In my opinion, it’s all right there in front of us, in what’s happening in the workplace. For one thing, what was recognized (as recently as just four or five years ago) as an emerging business role has now become a business emphasis. Any organization or company interested in moving forward, seeking to continue its current success or move to greater success, must manage its intellectual capital. KM is no longer an academic or theoretical subject of interest; high-quality KM methodologies and techniques are now required if that company is to be around in the future.
At the same time, enterprise management is now giving attention to the financial and mission-related value of information, knowledge, and strategic learning in the larger organization. In doing so, companies are re-thinking the role of knowledge professionals. These employees are now expected to function as knowledge thought leaders, both in developing organizational knowledge strategy and in building (or re-shaping, if it already exists) the company as a knowledge culture.
As for what’s required for transforming libraries, to meet management expectations with respect to managing intellectual capital, I identify four specific changes that must be made. Again, I note that while this report relates to one discipline – to specialized libraries – from what I’ve seen in the workplace these same changes must be made in any organization (or in any business unit of an organization) in which information, knowledge, and strategic learning relate to and enable success:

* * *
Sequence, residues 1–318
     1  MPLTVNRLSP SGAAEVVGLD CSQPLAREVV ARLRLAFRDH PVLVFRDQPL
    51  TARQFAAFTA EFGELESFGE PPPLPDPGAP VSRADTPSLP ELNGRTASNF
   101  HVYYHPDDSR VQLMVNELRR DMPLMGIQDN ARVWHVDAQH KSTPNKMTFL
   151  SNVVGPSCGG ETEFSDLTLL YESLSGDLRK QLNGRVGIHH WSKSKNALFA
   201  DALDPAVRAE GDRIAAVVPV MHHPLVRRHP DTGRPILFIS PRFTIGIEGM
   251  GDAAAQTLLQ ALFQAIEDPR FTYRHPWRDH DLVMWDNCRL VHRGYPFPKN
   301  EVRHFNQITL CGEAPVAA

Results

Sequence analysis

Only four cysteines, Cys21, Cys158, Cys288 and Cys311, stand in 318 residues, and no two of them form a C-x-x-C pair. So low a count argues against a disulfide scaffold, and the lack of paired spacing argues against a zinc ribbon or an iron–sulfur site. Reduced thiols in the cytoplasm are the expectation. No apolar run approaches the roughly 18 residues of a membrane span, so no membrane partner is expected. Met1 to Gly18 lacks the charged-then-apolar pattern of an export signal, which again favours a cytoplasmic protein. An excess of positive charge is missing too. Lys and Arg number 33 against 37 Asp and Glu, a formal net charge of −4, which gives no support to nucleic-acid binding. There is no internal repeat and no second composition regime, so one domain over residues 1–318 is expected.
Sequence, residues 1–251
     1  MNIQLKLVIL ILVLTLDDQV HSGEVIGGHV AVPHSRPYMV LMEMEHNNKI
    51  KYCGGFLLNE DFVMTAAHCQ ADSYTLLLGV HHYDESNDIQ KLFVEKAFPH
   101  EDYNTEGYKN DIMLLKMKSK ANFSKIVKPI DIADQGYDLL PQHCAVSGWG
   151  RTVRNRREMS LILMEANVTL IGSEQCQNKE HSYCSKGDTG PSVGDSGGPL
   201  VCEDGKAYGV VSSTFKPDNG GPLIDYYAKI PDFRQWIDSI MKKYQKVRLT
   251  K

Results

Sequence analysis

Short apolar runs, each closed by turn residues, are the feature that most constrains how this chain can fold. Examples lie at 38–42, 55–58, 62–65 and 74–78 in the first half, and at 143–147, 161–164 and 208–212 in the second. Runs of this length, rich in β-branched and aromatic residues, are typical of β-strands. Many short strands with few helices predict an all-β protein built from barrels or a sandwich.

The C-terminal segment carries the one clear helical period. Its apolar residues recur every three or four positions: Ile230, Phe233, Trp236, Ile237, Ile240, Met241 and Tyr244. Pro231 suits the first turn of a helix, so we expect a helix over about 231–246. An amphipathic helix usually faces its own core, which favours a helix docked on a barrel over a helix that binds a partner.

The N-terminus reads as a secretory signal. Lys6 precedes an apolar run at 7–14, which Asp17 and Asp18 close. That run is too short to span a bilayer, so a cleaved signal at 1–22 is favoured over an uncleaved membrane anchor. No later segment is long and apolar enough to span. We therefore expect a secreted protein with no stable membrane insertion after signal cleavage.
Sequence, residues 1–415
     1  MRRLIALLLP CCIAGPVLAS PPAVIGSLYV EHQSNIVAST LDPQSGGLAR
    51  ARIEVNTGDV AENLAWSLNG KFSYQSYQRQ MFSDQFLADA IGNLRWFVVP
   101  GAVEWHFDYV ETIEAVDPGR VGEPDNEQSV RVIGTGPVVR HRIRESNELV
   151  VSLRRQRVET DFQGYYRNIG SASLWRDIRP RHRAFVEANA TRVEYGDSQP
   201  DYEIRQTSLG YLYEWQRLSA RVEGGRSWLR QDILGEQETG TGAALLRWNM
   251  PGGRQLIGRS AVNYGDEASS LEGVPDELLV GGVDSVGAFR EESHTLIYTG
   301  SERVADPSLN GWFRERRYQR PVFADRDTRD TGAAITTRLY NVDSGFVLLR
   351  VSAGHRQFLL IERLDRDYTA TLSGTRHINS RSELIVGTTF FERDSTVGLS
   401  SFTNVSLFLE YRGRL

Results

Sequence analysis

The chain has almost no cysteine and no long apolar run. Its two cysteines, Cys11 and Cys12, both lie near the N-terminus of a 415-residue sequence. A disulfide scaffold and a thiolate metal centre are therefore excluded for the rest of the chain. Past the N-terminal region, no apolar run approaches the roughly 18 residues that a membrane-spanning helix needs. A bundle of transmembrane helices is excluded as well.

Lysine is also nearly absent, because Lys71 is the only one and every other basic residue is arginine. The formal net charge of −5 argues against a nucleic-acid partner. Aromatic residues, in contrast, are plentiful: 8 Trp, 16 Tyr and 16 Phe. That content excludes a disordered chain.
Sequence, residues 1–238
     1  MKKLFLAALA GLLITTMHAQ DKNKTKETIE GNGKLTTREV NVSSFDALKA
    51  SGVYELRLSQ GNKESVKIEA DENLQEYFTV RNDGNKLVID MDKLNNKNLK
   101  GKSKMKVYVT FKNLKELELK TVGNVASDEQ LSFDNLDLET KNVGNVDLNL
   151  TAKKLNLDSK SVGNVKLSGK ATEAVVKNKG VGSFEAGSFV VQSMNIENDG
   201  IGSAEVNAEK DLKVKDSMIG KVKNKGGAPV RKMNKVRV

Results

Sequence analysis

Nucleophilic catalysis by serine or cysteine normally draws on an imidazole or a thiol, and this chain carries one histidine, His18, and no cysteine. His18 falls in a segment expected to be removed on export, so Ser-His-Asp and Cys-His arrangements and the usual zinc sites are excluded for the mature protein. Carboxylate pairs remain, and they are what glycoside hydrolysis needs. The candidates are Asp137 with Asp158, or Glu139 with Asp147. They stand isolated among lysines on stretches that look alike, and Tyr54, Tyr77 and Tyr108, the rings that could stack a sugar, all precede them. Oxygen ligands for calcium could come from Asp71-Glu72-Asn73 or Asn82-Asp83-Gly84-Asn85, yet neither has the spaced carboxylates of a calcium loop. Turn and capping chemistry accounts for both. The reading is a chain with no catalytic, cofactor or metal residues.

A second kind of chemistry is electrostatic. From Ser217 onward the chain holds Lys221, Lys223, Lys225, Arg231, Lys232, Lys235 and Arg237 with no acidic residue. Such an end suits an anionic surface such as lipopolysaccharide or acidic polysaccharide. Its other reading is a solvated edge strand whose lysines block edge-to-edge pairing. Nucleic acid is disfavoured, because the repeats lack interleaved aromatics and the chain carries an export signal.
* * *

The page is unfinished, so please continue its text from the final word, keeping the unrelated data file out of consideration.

First Requirement: Enterprise-wide leadership and management must recognize the value of information, knowledge, and strategic learning to corporate success, with responsibility and accountability for KD/KS at a senior management level.
Second Requirement: The specialized library (or other knowledge-focused operational function) must be transitioned into the organization’s strategic knowledge function, with strategic knowledge defined as the product of any interaction having to do with information, knowledge, and strategic learning (content or activity) that contributes to organizational effectiveness and mission-specific success.
Third Requirement: The specialist librarian – or other knowledge professional – must transition into the company’s strategic knowledge professional (or one of a team of strategic knowledge professionals), recognized as the “go-to” person for knowledge-services delivery, regardless of how their operational business unit is designated, the individual job title, or the specific educational qualifications, experience, or expertise they bring to the job.